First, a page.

The contract date would be the date it is signed by all parties, not the date it is first created. If a contract was initiated by a purchaser 8 months ago and the lender signed the contract last week, the date of the contract is last week. There should not be a significant delay between the date the lender signed and the date of closing. Especially since these are often cash transactions. When it comes to veryifying the date the contract is signed in the MLS, the date the status changes from "contingent" to "pending" would be a good indicator, especially if there is a lengthy period between the date the listing went contingent and the date it went pending.

    (Substitute whatever terminology your MLS uses for "contingent" and "pending", as needed.)
     
  5. David Dietz

    David Dietz Member

    0
    Oct 30, 2006
    Professional Status:
    Certified Residential Appraiser
    State:
    Florida
    Keep in mind that these are guidelines and are not concrete must do orders. If your market for one reason or another does not allow for you to obtain a contract date with a reasonable amount of certainty or credibility you simply state that fact base your adjustment on the sale date and move on.

    Things like this are done in non-disclosure states all the time. The guidelines can not always be followed to the letter in every appraisal. all one can do is try your best and when you can not comply explain what you have done to attempt to comply and move on.
     
  6. Terrel L. Shields

    Terrel L. Shields Elite Member
    Gold Supporting Member

    223
    May 2, 2002
    Professional Status:
    Certified General Appraiser
    State:
    Arkansas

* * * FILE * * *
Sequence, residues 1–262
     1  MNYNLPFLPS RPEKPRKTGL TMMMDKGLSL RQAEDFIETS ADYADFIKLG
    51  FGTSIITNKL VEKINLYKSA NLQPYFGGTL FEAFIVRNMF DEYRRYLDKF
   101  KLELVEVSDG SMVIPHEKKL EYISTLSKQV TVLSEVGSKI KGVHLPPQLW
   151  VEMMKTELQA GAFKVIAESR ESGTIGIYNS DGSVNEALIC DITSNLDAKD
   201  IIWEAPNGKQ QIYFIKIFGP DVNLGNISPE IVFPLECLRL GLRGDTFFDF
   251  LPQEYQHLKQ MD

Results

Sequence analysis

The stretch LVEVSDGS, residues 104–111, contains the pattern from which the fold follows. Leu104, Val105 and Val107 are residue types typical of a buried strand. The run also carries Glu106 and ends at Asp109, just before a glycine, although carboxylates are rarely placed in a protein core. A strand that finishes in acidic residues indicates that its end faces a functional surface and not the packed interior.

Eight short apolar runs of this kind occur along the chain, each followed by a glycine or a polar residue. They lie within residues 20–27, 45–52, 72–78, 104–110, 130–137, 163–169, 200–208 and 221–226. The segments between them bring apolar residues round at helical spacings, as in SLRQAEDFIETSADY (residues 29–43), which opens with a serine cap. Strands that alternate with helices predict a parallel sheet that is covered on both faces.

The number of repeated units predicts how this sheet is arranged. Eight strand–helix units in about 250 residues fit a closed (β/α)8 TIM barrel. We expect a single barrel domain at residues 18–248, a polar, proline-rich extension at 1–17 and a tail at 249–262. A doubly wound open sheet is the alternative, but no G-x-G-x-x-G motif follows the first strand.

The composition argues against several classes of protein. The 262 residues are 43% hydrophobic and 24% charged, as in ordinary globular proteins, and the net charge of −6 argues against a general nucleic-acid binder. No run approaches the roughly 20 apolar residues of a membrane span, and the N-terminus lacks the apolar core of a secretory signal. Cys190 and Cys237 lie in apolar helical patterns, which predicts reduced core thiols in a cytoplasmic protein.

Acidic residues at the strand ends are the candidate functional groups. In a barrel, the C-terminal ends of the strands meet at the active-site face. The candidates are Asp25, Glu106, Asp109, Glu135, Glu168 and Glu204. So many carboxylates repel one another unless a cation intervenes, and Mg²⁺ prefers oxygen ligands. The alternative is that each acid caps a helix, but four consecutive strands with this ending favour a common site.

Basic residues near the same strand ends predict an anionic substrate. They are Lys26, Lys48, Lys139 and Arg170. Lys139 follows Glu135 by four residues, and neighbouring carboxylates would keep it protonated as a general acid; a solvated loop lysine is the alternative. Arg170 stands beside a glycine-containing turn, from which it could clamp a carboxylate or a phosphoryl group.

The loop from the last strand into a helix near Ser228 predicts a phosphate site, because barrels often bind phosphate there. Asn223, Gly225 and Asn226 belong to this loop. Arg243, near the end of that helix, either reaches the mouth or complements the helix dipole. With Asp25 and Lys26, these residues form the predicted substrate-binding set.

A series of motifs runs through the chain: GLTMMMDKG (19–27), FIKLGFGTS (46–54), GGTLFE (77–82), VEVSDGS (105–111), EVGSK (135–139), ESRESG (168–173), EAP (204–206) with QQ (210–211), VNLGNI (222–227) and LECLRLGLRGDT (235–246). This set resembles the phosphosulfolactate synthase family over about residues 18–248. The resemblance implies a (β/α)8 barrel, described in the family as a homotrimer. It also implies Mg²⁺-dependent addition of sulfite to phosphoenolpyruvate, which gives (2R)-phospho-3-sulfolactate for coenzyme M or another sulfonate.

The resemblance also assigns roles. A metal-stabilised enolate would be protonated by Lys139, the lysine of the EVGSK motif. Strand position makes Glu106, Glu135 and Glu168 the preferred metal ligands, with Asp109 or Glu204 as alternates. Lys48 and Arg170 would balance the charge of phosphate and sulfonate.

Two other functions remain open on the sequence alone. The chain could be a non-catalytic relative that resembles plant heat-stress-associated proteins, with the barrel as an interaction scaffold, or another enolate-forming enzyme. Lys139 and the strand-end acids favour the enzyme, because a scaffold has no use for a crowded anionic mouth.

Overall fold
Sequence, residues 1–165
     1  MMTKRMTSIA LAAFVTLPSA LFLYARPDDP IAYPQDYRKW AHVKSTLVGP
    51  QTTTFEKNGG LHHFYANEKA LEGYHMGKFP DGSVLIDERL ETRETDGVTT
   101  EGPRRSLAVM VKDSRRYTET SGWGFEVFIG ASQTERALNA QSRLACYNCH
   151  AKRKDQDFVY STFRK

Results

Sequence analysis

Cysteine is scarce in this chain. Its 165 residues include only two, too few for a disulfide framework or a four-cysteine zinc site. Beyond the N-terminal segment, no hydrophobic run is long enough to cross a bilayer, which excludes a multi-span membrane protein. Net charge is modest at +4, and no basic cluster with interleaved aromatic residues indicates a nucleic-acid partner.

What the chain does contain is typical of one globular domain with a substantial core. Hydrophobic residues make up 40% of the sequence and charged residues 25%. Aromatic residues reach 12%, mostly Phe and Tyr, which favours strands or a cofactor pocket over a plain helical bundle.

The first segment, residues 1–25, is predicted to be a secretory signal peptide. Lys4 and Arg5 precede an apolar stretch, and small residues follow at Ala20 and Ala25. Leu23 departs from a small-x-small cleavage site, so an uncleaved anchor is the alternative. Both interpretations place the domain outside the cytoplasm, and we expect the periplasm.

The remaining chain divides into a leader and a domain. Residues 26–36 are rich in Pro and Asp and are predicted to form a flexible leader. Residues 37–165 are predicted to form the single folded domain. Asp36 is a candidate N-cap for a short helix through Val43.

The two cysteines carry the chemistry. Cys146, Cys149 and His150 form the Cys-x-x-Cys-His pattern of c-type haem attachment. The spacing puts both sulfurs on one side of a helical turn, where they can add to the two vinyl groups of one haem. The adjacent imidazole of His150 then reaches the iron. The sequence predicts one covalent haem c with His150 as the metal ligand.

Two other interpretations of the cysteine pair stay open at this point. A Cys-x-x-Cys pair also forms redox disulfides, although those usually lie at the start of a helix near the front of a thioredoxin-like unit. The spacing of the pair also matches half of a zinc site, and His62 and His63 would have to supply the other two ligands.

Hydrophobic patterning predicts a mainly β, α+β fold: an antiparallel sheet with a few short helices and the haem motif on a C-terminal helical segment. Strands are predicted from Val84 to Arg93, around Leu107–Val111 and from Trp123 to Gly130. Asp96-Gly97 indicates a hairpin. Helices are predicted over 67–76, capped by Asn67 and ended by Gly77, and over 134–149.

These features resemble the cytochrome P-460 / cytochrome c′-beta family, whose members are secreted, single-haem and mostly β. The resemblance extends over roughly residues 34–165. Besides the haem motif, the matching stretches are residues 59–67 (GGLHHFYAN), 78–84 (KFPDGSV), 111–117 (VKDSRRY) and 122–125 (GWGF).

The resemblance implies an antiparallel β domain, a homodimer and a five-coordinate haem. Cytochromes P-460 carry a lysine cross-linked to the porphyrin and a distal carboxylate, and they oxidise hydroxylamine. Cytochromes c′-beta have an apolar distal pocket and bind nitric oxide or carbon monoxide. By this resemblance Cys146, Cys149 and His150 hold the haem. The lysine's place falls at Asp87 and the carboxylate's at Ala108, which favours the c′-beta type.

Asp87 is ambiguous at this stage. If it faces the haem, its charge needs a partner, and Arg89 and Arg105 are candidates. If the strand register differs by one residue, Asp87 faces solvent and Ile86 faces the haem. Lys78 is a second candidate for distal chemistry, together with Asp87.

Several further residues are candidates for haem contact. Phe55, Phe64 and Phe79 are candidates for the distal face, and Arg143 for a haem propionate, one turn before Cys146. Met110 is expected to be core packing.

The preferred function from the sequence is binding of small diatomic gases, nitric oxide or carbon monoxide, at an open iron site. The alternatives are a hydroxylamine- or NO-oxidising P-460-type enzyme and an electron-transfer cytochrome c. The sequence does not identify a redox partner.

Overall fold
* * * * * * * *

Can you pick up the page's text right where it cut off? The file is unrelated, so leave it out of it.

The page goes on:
Pray tell when many MLS's for the most part are hiding the info, the contracts are rarely available on comps, and this information is purposeless and meaningless...what the *&^% does it matter? Short of some sale delayed by months and months, in my area we are usually talking 15 days to 30 days. Rarely 60..big deal. Small changes in market over short periods are simply not visible in a statistically meaningful way.
     
  7. CANative

    CANative Elite Member

    121
    Jun 18, 2003
    Professional Status:
    Certified Residential Appraiser
    State:
    California
    Best response and nothing else matters.
     
  8. Mike Garrett RAA

    Mike Garrett RAA Elite Member

    13
    Jan 14, 2002
    Professional Status:
    Certified Residential Appraiser
    State:
    Colorado
    My MLS reports contract date. Common sense says that is the date the price is established and any time adjustment should be from that date.
     
  9. PropertyEconomics

    PropertyEconomics Elite Member

    0
    Jun 19, 2007
    Professional Status:
    Certified General Appraiser
    State:
    New Mexico

    Mike .. I am not disagreeing with you but what happens when the appraised value falls $5,000 below the sales price, the contract is adjusted five days prior to closing, and the date of contract is not revised within MLS? I am seeing this happen an awful lot in my market and I would bet its happening in others as well.

    I realize Fannie guidelines say use the "date of sale", however, I would also suggest that as long as the comparables are measured in the same manner (ie contract date or closing date) and applied to either the contract date of the subject (if a sale) or the effective date of appraisal (if a refinance) there really will not be much difference in the outcome of the analysis.

    I think the key is to be consistent.

    Thanks for your thoughts.
     
  10. Mike Garrett RAA

    Mike Garrett RAA Elite Member

    13
    Jan 14, 2002
    Professional Status:
    Certified Residential Appraiser
    State:
    Colorado
    I concur...be consistent. Either method can be supported.